Each month I look forward to posting a client spotlight. And I’m so grateful that “A” was willing to share her story with all of you. It has been so gratifying to work with her as she has worked hard to develop a happy/healthy relationship with food. She has fought hard in her recovery from an eating disorder and along her path found two keys to healthy eating and exercise- cooking and climbing. Read on and enjoy.
Six months ago I hit a low point in my battle with an eating disorder. I had literally run my body into the ground through a long-standing combination of over-exercise and under-eating. It took three full months in a treatment center to restore my body to health, but it continues to take work to restore my mentality surrounding food and eating healthfully. Thanks to the support of Marci and my therapist, (as well as constantly checking in with myself on a daily basis), I can honestly say that I am in a place that I haven’t been in for years. My approach to both food and nutrition has been transformed. No, I don’t pretend to say that disordered thoughts and tendencies don’t exist – but I know how to fight them.
I never intentionally tried to compromise my health or destroy my body with an eating disorder. Rather, it felt like something I could control in the middle of an emotional tornado. I had always been an athlete, rowing through college then running marathons in the years afterward. I thought I knew about sports nutrition and healthy eating. But what was originally a way of staying healthy became an addiction; I only allowed certain foods into my body, at certain times, in certain amounts. I shut off everything my body was telling me. I continued pushing myself physically, until my body nearly gave out. I was mentally, emotionally, and physically spent. I had a brutal awakening in January of this year and realized that I couldn’t continue treating my body this way. So I decided to give up all control for the sake of getting both my healthy and my life back.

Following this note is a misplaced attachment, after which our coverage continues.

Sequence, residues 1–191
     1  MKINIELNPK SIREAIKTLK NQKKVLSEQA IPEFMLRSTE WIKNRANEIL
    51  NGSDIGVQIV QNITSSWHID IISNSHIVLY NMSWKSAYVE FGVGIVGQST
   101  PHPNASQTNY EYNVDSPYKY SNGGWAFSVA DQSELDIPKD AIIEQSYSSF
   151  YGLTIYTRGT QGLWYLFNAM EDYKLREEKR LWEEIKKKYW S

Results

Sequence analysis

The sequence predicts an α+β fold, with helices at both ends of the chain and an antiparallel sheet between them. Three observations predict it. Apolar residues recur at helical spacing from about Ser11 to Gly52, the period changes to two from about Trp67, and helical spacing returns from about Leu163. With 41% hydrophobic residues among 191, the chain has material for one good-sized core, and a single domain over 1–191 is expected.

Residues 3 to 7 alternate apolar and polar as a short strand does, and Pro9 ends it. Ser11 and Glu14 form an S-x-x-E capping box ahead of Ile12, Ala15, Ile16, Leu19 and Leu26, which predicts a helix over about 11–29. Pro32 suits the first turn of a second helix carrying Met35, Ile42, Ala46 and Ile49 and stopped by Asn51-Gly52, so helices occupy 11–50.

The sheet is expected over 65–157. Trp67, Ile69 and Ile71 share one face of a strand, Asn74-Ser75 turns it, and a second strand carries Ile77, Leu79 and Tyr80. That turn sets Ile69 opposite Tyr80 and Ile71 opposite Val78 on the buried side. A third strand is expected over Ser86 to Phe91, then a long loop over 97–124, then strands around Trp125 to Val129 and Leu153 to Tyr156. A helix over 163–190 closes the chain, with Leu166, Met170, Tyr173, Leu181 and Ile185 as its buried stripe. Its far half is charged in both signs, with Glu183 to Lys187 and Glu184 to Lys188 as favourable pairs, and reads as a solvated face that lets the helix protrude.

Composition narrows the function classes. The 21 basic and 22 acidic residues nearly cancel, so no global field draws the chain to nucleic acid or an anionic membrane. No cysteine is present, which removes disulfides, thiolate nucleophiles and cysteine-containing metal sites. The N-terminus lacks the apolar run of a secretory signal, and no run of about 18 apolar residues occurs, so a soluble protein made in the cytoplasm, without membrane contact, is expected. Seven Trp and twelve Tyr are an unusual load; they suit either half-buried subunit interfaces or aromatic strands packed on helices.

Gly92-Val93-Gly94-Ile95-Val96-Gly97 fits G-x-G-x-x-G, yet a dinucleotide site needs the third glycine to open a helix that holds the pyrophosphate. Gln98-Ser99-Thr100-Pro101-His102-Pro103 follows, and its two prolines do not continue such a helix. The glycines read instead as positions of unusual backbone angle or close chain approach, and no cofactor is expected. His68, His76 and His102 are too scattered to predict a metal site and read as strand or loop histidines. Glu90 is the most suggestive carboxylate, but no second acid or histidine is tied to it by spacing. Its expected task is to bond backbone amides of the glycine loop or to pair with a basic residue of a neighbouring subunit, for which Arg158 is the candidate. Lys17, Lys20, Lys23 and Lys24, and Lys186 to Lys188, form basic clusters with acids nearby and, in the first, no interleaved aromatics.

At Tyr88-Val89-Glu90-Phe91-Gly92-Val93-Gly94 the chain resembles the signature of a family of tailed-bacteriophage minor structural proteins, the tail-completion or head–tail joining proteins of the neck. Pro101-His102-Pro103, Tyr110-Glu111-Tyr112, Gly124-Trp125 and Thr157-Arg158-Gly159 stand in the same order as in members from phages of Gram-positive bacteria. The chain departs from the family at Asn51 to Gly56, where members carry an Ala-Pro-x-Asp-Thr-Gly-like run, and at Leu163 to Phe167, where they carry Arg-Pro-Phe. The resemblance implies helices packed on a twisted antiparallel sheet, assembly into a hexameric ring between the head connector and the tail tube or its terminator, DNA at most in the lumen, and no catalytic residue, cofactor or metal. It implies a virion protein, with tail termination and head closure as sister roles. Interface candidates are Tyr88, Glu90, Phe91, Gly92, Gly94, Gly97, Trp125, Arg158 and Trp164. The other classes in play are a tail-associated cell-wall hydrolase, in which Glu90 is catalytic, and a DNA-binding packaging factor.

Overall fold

The early stages of treatment were both physically and emotionally intense, uncomfortable, and even painful. But the challenge now is regaining a healthy perspective around eating, exercise, and maintaining life balance. I am a different person now – physically, yes, but more important, mentally. While there is clearly no single thing that helps individuals recover from an eating disorder, two processes have remarkably helped me find my way to a fresh food mentality: cooking and climbing. Let me explain. 🙂